I begin this morning with letting you in on the trade of sermon writing. It is an essential trade of the minister, and each minister does it a little differently. Some read and some work off notes. Some ministers look ahead and have their sermons planned out for the next few weeks. Some feel it better to be more flexible and responsive to present happenings, and don’t plan too far ahead. Some preachers begin writing the sermon or outlining the sermon on Monday. Some wait till later in the week though they are thinking about it throughout the week. Some even wait till Saturday to actually put the sermon down after pondering it the whole week. The minister of my childhood church didn’t write his sermons and hardly used notes, and he’d get up really early Sunday morning, take a prayerful walk, and he’d go through what he wanted to say.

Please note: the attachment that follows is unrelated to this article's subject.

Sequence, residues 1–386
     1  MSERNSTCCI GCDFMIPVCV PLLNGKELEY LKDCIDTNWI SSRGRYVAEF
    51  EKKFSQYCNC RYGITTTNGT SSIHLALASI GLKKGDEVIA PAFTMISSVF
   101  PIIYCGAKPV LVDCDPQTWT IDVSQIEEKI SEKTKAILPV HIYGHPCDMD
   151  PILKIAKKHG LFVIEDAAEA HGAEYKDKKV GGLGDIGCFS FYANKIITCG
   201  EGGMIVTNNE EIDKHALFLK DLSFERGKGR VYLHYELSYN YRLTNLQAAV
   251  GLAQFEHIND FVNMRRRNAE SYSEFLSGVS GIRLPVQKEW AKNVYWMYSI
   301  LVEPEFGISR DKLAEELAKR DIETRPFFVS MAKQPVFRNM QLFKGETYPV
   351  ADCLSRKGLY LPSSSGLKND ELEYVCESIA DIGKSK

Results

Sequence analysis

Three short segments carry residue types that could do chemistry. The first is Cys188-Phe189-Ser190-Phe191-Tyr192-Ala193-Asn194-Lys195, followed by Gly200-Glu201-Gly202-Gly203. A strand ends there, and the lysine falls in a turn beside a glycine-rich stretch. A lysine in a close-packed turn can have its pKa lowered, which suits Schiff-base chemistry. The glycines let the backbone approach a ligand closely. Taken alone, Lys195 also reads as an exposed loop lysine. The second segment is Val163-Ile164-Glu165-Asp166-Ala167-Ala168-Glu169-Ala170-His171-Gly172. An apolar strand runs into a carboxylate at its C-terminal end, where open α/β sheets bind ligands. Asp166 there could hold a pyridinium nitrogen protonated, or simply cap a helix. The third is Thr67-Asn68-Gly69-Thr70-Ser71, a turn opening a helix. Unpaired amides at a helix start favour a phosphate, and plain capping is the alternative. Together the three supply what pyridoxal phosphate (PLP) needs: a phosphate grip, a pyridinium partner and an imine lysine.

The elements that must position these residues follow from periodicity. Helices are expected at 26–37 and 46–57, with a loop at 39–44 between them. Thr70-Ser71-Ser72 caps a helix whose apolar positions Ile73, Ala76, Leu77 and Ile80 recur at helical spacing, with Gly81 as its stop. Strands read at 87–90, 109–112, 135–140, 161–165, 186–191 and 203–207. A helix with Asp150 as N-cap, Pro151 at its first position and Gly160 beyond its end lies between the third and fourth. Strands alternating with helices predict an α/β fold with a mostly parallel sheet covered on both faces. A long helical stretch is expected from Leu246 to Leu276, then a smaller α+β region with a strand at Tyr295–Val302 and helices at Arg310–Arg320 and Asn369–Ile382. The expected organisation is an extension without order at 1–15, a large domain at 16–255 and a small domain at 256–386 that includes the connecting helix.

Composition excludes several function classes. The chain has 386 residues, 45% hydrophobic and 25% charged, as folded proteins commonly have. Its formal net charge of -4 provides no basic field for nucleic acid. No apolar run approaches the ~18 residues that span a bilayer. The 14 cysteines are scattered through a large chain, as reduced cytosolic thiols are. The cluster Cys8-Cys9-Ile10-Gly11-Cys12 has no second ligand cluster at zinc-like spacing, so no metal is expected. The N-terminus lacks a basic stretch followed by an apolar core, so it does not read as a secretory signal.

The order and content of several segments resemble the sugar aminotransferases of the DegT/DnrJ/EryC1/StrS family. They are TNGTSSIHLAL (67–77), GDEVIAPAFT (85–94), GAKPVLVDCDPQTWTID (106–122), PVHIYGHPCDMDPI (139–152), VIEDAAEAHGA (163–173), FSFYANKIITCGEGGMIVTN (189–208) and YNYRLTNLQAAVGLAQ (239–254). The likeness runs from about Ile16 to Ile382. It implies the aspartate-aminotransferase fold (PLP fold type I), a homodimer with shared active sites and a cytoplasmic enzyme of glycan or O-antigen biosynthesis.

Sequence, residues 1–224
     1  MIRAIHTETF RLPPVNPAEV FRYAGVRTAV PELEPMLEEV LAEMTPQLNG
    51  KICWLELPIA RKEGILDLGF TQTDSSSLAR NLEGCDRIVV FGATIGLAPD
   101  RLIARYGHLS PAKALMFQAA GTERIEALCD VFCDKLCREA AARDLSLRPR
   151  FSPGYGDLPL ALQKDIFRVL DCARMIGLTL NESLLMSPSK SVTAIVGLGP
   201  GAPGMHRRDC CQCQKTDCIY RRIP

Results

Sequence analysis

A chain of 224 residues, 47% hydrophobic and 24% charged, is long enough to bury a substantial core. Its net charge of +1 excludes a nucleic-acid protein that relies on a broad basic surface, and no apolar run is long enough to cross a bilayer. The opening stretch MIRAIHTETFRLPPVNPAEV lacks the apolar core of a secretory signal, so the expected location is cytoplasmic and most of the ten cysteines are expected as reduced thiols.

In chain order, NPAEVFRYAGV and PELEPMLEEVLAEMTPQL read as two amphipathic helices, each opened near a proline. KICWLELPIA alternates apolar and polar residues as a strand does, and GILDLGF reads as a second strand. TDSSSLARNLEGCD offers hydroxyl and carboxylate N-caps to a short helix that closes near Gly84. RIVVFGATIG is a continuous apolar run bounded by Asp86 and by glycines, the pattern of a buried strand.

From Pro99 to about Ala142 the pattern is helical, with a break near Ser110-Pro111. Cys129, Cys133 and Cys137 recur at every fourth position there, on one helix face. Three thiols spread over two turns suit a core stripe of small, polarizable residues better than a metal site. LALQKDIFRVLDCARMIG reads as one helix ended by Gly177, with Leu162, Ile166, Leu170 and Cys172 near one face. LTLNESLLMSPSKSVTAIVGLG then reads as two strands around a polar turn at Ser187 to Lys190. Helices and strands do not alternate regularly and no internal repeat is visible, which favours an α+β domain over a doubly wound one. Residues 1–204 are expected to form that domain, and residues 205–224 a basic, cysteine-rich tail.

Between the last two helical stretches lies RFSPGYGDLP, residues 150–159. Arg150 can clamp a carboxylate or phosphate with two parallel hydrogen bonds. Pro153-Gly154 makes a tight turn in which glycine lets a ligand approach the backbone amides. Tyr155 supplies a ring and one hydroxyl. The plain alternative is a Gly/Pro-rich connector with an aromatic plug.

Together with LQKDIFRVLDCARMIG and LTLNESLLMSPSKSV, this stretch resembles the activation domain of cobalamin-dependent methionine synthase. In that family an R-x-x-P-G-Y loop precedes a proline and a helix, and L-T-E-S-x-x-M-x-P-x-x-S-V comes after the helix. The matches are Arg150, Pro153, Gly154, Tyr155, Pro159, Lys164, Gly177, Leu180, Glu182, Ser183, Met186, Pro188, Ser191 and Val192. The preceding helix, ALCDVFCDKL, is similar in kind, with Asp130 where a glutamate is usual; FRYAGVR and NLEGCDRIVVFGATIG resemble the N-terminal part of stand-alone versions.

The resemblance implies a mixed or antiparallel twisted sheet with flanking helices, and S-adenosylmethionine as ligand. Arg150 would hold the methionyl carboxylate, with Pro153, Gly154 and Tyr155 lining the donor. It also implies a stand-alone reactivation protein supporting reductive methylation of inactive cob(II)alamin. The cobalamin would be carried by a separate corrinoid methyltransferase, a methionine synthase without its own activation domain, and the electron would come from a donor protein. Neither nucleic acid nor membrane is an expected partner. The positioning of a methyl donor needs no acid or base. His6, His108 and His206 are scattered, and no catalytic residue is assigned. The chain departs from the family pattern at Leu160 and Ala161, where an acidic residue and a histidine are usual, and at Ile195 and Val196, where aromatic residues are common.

In other words, the trade of preaching is extremely diverse. Each preacher is different, and the tricks of their trade is very individual. What works for one, doesn’t necessarily work for the other. Yes, diversity reigns when it comes to the trade of preaching. For this reason, preaching is more an art than a trade.
Well, in our reading from I Corinthians, there is mention of a preacher named Apollos. Another preacher, an evangelist preacher, by the name of Paul writes the church in Corinth and mentions Apollos. Paul indicates there is division in Corinth. Some are attached and more in line with Paul who founded the church in Corinth. Others are more attached and in line with Apollos the church’s current pastor, if you will. Paul is calling for unity, and end the division around himself and Apollos. He points to Christ. Christ is the hub, the center which the wheel revolves around. Christ and his salvation unites all things, even planter and waterer.